Another complication is that with the large number of events the uncertainty introduced by the certainty capping will accumulate fast. With a hundred events, and using 0.01 for the cap value, by the end of the processing the result will be completely uncertain. That's why the smaller values of the cap, such as 1e-8 are typically more useful.

You might think that if we do the computation directly by the training cases, we preserve the correlation between the events, so instead of having N events for N models, we can encode them as a binary number that can be represented with only log2(N) events. But that's a bad idea. It means that the code distance between the representations of the models will become varying. Instead of differing always by 2 events, they could differ by as few as 1 and as many as log2(N) events. That will seriously mess up the logic.

A possible workaround for that is to allow some events to have not 2 possible values (true or false) but a number of possible values, as many as hundreds or even thousands. The fuzzy logic can still be used with such events: they would be represented by two values, the confidence value in the range [0..1] and the enumeration value. We'd check if the enumeration value of the event in the input matches the enumeration value of the event in the training case, and then apply the confidence value appropriately, for or against this training case. It also means that the mismatching value of this event will be a mismatch of only one event, not two, and thus improve the standing of the training cases from other models with the capping logic.

A completely different take on this problem is to preprocess the information about the model and split it into the separate events that describe the mechanical features of the car. There might be a separate event for the type of power steering (none, or hydraulic, or electric), the type of the front brakes (disc or drum), the type of the rear brakes, and so on. The approach with the enumerated multiple-valued events can be used here as well, with for example the power steering type becoming one event with 3 possible values. However to use this approach effectively, we really need to handle the event relevance properly: the training cases for the problems in each subsystem must mark only the identifying information about this subsystem as relevant. You wouldn't want to fail recognizing a brake problem just because the car in the training case had a different type of power steering than the one being diagnosed. But this kind of relevance might be difficult to discover automatically, it would require the information about the subsystems and their relations to be added by the humans.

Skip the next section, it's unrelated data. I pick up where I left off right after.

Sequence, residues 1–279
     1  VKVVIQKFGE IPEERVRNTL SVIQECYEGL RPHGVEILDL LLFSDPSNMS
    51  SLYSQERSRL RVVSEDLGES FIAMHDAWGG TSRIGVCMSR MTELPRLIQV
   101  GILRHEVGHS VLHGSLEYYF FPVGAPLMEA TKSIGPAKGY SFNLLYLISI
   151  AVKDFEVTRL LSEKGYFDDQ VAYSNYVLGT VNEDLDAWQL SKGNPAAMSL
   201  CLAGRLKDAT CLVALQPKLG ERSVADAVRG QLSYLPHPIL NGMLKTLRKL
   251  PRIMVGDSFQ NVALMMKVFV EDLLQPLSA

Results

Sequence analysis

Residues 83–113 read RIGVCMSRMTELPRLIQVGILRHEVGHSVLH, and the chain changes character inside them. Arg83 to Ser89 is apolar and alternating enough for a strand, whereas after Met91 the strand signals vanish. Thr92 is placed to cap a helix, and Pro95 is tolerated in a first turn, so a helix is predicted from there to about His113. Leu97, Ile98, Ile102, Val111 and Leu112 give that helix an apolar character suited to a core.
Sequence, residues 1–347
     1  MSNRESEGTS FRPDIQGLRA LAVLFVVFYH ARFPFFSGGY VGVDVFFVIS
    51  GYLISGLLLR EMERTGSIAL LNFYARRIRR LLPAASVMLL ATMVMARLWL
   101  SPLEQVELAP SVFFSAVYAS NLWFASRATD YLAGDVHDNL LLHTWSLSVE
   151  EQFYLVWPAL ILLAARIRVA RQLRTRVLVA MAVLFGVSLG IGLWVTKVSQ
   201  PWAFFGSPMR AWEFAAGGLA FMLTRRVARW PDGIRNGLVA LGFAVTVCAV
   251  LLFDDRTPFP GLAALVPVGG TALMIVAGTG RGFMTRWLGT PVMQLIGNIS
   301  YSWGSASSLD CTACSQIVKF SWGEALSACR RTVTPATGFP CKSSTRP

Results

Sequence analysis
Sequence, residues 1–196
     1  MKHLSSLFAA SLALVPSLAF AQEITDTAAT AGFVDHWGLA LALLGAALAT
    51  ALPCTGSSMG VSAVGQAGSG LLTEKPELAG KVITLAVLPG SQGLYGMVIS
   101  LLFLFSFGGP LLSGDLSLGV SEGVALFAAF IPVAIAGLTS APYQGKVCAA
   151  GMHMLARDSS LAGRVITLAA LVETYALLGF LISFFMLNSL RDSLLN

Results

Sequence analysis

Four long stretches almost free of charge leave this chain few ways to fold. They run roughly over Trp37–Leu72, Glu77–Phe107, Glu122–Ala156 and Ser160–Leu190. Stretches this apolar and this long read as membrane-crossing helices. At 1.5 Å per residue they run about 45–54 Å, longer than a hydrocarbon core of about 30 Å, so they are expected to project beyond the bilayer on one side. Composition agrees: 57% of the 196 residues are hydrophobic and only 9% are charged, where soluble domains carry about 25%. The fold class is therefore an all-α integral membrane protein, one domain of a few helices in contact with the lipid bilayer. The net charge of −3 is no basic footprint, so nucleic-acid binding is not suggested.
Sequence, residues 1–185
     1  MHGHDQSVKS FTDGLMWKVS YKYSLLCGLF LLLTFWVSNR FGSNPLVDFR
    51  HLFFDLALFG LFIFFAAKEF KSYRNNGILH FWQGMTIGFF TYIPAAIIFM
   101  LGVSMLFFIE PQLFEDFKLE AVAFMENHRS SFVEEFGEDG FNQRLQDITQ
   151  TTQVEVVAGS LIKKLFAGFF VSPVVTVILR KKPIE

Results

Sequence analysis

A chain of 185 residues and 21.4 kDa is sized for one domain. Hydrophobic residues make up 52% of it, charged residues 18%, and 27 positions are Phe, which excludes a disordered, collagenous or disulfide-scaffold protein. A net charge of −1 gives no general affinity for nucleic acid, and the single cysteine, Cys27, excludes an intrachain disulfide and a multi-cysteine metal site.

The good part about this splitting is that it would allow to diagnose the cars that have been modified by the owners. If someone installed the Lincoln disc brakes on the rear axle of a Fox-body Ford Mustang that had the drum brakes from the factory, this information can be entered as an override after entering the car model, changing the event for the type of the rear brakes. And the system will still be capable of diagnosing the problems. On the other hand, it might not help much: the aftermarket parts often have their own problems stemming from the mismatch of their characteristics with the original parts. For example, the said Lincoln brake conversion fits mechanically but causes the very wrong proportioning of the brake forces between the front and the rear. On the third hand, a sufficiently smart diagnostics system might be still useful. Even though the misproportioned brake forces do not happen in the cars from the factory, a smart enough system might still be able to point to a faulty master brake cylinder. It wouldn't be faulty as such but it would be faulty in its function for the modified brakes, distributing the brake forces in the wrong proportion.

No comments:

Post a Comment